Oh. Well. When you think of it like that, I guess it makes sense. Because I certainly felt all sweaty and goose-bumpy just like that turkey when I started thinking about potty training The Nugget. Just like a heroin addict, I kept coming up with new dates and new reasons to prolong the process of using my drug of choice (in this case, diapers).
"We'll just use up this last box and then we're going for it!" But once that box was gone, we still had night-time diapers left.
"I'm just going to buy a small pack of diapers and then even out the boxes. Because I don't want to waste the night-time diapers."
"We have plans every weekend coming up, so I had better buy some more diapers because we don't have a a weekend to dedicate to this project."
Until, finally, I realized that I would be on a lifting restriction in less than a month. And my nearly two and a half year old still sleeps in a crib which I have to lift her into every night. And she is changed several times a day on a changing table onto which I have to lift her. Suddenly, reality set in. My baby was no longer a baby anymore. And it was time to tackle the potty training.
I announced my plans to friends and family. Many exclaimed, "Oh, you're going cold turkey? You're brave!" This because we did not plan to use any sort of pull-up in the daytime OR in the night. "My four year old still wears pull-ups at night!" Of course, hearing other moms be so nervous about this plan did put some skepticism into my mind, but we soldiered onward.
I knew from reading that it was important to set aside several days to stay home and focus on the task at hand. We began our process bright and early on a Saturday morning. When she rose from her crib, I jubiliantly informed her that from now on she wears big girl underpants! She will no longer wear diapers! She was also very excited because we have owned the underwearpants (her word) for some time (due to my repeated postponement of training) and she had been eyeing all of the pretty designs.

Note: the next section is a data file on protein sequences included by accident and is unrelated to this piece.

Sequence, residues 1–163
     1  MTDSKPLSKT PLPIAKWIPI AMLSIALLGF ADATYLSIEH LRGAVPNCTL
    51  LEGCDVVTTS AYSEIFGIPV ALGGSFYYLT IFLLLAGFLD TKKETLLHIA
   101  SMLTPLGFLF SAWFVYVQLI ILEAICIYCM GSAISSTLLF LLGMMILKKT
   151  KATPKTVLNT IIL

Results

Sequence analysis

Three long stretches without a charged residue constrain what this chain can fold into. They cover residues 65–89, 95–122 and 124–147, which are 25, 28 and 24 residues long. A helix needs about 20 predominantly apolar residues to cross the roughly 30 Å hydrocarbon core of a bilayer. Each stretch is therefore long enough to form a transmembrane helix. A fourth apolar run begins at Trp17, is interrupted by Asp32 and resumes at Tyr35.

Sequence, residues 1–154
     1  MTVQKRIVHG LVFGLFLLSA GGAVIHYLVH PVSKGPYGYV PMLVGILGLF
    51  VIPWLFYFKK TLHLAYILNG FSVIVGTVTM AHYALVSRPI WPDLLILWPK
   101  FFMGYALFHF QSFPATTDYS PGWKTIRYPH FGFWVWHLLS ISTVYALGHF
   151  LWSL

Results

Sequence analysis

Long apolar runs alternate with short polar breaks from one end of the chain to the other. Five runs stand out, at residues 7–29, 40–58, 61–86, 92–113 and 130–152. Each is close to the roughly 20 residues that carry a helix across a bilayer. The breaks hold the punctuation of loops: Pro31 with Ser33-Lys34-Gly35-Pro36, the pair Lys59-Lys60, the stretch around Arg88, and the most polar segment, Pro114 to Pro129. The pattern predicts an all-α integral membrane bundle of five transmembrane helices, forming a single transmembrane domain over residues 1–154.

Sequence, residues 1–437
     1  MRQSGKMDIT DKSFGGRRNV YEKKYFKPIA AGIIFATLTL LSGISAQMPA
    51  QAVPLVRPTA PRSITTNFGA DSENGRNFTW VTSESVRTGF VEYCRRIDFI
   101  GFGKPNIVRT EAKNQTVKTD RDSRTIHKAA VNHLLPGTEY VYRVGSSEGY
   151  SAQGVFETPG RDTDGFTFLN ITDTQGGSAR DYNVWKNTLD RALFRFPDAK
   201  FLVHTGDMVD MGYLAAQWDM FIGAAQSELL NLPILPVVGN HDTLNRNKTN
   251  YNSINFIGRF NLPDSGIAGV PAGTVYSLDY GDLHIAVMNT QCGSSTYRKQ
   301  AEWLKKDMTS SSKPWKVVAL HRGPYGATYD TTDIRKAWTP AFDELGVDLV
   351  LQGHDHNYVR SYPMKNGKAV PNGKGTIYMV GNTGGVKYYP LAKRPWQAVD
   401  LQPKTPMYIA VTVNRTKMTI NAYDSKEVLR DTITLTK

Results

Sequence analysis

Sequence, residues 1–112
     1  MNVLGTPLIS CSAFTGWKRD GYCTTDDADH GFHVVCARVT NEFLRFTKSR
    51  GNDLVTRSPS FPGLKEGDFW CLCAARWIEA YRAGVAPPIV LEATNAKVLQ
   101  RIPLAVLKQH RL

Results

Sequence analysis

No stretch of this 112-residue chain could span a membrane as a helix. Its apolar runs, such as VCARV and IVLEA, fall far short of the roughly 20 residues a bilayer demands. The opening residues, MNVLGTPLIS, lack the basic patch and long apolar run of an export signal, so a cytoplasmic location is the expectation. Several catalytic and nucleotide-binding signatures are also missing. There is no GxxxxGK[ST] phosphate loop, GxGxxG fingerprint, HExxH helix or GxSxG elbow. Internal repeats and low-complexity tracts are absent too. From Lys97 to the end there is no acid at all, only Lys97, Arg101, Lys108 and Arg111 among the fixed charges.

Warning: from this point forward we will talk more about fecal matter than you ever wanted to. Ever.
Day one: We pooped! On the potty! And only had one or two daytime accidents and only one nighttime accident. She's awesome! We'll be fine! Why have I been putting this off so long?
Day two: We peed. Everywhere. Frequently. Why do I have to do this? Why do YOU have to do THAT? On the couch? Must resist urge to return to diapers.
Day three: It's a miracle! She is perfectly potty trained and will never have an accident again!!! Our chld is a genius, we are the best parents ever. The end.
Well, sort of. Except...well, the poop. Since day one, we have had zero night-time accidents (I was fully prepared that I would have at least several days of getting up multiple times per night to change the sheets). We have had only MINIMAL potty accidents, and that was usually because of a missed signal on our part. She has not been averse to stopping play in order to hit the potty. But she has developed some kind of pooping on the potty phobia.
Now, any time she needs to poop, she starts grabbing her bum and doing the poop dance. I ask, "do you need to go poopy?" I am met with the adamant, "NOOOOOOOOOO!" This can literally go on for days. If I can get her to relax enough to just SIT on the potty, she can usually go. But, as the days go on, she is less relaxed and more stressed about pooping in the potty.
We tried to meet her stress with lots of excitement about pooping! in! the! potty! We have made long lists of all of the people and animals who also poop. Aunts, uncles, cousins, family friends, pets - they all go poop! We have sung songs about pooping. We have shown her our poop in the potty (look, you do what you gotta do). All of our exhuberance has only led to MORE anxiety about the poop.
So we have decided to drop the discussion about poop for now. She is staying in big girl underwearpants. If we ask her if she needs to go potty and she says no, we will accept her answer. If she poops in her pants, we will stick with our original plan, which is to say cheerfully, "accidents happen, but next time you need to try and go to the potty." If she actually does manage to poop in the potty, then we will give her a sucker. I am reassured by the fact that I have heard from many of my friends and read online that many other kids struggle with this issue and that it basically just takes time to get better.
But we're more than halfway there, in my opinion. No wet sheets? No wet underwearpants? I'm calling it success!
And that's what you call cold turkey!